MRM is correct. Size is an issue especially flying coach with the seats getting smaller and new slim style seats coming on new aircraft.
    You fly sightseeing flights or helicopters, you get weighed. What is the problem with airlines doing the same?
    Just get used to it. You fly—You get weighed!
    I will fly better knowing that the weight and balance of the aircraft is not from some outdated guess.

  6. SkyIsKing

    May 20, 2021 at 11:13 am

    I have no issue with being weighed (I weigh 150 lbs). I do want to sit in my seat with armrests down and not have another person encroaching on my personal space. If I am going to be sitting for hours, I want the space I have paid for on the flight. By the time my next flight comes up in a couple of weeks, I will likely weigh less than 150 pounds. I don’t encroach on others; expect the same. With flight, weight is important. When someone gets on a plane weighing 300 lbs, they won’t fit in one airplane seat. If they purchase two, then they can do what they want with their space. The other problem is mobility is that people who weigh more than 300 pounds can’t move. They become a hazard in terms of boarding and un-boarding aircraft. With any inflight emergency, these people become a problem. As a surgeon, I have handled more than my share of inflight emergencies where I couldn’t move the person even with help because they weighed more than 300 lbs. Flying is not a right but a privilege. If one is going to fly, one has to meet the regulations of the airlines/FAA. If one is too heavy to fly, they need to purchase an extra seat. Even if a person has limited mobility, if they don’t weigh more than 300 lbs (that’s two people of my size), they can be moved more easily and safely especially in an emergency situation. Size is a fact of life but airliners have space limitations that meet the needs of most people. People who are outside those space limitations in terms of size, need to be taken on a case-by-case basis but never guaranteed that they will fly if their size poses a hazard for others.

  7. deadmoneywalking

    May 20, 2021 at 12:48 pm

    Do they actually make people buy two seats?

  8. hackwriter

    May 21, 2021 at 4:03 am

    @MRM: Seat encroachment isn’t just about weight. I am a short woman with large hips. I don’t “spill over,” but on most flights I spend the entire flight with my shoulders folded in because I am seated between two large men who insist on not having to do the same, taking up the armrests, and of course the inevitable “manspreading.” I have taken to always booking window seats so that a) I am guaranteed an armrest, and b) I have one side where I’m not spending the entire flight hunched to make myself as small as possible because men insist on taking up all the space.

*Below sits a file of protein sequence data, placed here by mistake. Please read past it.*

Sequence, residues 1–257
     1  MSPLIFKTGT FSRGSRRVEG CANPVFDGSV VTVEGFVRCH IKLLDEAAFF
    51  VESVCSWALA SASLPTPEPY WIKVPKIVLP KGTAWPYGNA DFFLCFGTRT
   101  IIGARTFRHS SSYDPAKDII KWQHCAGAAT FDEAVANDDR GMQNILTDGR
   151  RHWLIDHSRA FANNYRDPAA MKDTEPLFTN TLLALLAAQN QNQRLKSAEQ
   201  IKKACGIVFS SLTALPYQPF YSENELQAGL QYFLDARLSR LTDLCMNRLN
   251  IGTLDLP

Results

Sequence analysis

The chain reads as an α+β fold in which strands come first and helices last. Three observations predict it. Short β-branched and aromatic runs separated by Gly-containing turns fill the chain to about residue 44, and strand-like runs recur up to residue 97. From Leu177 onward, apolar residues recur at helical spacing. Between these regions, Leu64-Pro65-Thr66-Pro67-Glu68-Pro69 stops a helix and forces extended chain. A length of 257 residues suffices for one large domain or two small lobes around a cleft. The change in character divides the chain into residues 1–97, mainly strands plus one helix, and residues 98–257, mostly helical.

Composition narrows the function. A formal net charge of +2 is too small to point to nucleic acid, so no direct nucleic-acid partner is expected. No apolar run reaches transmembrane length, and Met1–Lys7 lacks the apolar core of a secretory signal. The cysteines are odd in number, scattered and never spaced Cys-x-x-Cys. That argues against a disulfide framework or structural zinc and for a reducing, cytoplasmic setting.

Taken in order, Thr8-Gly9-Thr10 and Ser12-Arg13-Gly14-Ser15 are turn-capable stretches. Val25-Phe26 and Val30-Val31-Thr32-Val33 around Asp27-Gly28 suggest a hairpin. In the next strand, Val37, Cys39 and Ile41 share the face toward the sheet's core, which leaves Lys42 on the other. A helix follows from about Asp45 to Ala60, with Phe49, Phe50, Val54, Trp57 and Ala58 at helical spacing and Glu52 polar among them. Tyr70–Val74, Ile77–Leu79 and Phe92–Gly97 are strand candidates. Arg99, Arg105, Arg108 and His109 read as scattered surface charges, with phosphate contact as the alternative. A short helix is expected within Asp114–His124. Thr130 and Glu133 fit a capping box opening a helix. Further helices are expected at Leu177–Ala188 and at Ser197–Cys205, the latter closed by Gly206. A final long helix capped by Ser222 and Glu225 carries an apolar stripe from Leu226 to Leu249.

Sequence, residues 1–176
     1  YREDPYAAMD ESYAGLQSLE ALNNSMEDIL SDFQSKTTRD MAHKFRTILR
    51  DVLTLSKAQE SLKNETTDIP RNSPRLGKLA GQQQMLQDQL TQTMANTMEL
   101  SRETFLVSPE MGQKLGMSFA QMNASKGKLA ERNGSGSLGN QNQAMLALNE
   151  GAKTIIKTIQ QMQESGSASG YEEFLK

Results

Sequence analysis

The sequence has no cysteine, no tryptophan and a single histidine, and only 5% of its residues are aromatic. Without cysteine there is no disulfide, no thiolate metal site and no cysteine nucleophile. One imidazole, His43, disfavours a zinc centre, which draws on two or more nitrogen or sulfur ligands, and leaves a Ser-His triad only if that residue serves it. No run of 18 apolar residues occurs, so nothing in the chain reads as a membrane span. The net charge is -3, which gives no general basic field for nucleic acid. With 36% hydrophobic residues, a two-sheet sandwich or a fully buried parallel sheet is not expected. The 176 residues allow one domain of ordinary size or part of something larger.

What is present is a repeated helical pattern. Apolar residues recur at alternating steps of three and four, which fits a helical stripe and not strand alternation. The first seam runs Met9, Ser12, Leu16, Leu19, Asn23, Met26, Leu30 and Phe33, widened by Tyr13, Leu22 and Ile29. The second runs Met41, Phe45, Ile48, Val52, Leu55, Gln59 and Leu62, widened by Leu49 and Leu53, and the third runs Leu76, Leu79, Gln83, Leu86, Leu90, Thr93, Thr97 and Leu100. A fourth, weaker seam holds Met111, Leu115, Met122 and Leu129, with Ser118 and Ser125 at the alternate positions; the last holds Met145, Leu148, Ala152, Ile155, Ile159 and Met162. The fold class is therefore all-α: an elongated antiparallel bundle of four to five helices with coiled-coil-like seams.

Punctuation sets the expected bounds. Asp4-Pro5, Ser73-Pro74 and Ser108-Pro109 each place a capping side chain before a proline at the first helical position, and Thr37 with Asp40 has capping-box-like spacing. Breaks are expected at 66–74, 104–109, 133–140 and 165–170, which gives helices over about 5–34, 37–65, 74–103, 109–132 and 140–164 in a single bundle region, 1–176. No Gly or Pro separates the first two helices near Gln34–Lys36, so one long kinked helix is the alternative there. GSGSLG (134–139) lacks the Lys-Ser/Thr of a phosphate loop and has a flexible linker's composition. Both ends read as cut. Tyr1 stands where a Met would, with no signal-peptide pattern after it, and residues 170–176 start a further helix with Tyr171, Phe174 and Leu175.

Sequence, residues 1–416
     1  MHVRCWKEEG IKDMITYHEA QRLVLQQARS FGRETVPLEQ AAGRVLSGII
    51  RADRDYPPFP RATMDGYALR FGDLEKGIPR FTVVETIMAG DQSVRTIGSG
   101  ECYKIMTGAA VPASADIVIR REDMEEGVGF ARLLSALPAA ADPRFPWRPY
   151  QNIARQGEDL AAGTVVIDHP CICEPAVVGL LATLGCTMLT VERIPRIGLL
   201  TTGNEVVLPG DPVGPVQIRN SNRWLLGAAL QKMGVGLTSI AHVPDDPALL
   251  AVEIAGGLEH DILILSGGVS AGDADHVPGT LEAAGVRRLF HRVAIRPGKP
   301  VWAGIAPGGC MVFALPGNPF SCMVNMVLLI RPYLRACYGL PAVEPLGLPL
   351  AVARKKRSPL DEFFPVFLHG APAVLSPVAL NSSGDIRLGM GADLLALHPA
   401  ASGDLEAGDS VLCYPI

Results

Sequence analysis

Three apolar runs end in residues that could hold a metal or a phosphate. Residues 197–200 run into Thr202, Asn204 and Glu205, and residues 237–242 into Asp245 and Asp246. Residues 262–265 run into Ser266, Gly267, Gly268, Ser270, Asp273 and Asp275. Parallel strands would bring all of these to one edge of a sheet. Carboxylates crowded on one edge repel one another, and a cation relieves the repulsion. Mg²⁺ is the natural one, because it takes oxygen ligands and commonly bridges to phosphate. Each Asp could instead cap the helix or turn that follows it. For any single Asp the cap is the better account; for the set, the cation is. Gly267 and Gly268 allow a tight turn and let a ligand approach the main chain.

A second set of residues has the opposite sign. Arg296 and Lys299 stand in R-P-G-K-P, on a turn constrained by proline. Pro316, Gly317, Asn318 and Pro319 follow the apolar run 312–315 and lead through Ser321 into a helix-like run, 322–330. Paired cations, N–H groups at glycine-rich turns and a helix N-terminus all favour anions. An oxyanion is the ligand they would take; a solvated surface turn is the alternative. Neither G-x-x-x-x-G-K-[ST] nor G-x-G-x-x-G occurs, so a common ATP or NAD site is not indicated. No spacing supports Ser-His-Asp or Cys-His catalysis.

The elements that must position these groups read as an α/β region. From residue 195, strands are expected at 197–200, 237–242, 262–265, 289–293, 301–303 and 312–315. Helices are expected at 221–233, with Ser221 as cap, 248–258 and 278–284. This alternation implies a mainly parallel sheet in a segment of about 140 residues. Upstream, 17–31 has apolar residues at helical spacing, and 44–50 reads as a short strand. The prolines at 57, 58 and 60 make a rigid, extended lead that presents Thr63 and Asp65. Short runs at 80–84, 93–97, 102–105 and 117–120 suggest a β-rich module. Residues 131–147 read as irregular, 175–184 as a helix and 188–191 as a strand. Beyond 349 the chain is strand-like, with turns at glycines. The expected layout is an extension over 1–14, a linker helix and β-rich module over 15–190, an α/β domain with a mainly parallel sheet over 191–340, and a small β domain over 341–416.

9. DeltaFlyer123

    May 21, 2021 at 5:12 am

    When I flew for the first time, from Vienna to Moncton NB Canada on a C-54 Cargomaster (military version of the DC-4) in July, 1957, I was just short of 9 years old. Prior to boarding, every passenger with his/her baggage was weighed individually in a large room with all 68 passengers present, on a scale with a huge dial visible to all. The pilots recorded the weights on a clipboard, and assigned seat numbers accordingly (but families were kept together). No one minded, it was for the safety of the aircraft, in order to ascertain the exact weight, determine how much fuel can be loaded, and optimize the aircraft balance. The last leg of the flight from Keflavik to Moncton took about 11 hours, flown during daytime in and out of huge cumulus clouds in mid-summer – you can imagine how bumpy the ride was, and how sick I was! The distance of that leg was just over 2000 miles, within the range of the C-54, but we most likely faced a stiff headwind heading west, which is the reason for the long duration of that leg. You can well imagine that I think weight and balance are of extreme importance to flight safety.

  10. SamirD

    May 21, 2021 at 9:50 am

    Very good point about safety as I never thought about that before and that this was more about convenience than anything else. As far as the weight and balance issues, there should just be a scale installed under each gate area so realtime balance data is available versus a guess. This might have been expensive in the past, but as tech is getting cheaper it should be easy enough to implement where it is most needed. Plus, I’m sure this will also speed up the paperwork to allow maybe one more flight to be squeezed in a day, so there might be a financial roi to it as well.

  11. TWAflyer


    May 25, 2021 at 7:35 am

    PBA, which used to fly in New England, would calculate pax weights and assign seats accordingly to balance the plane.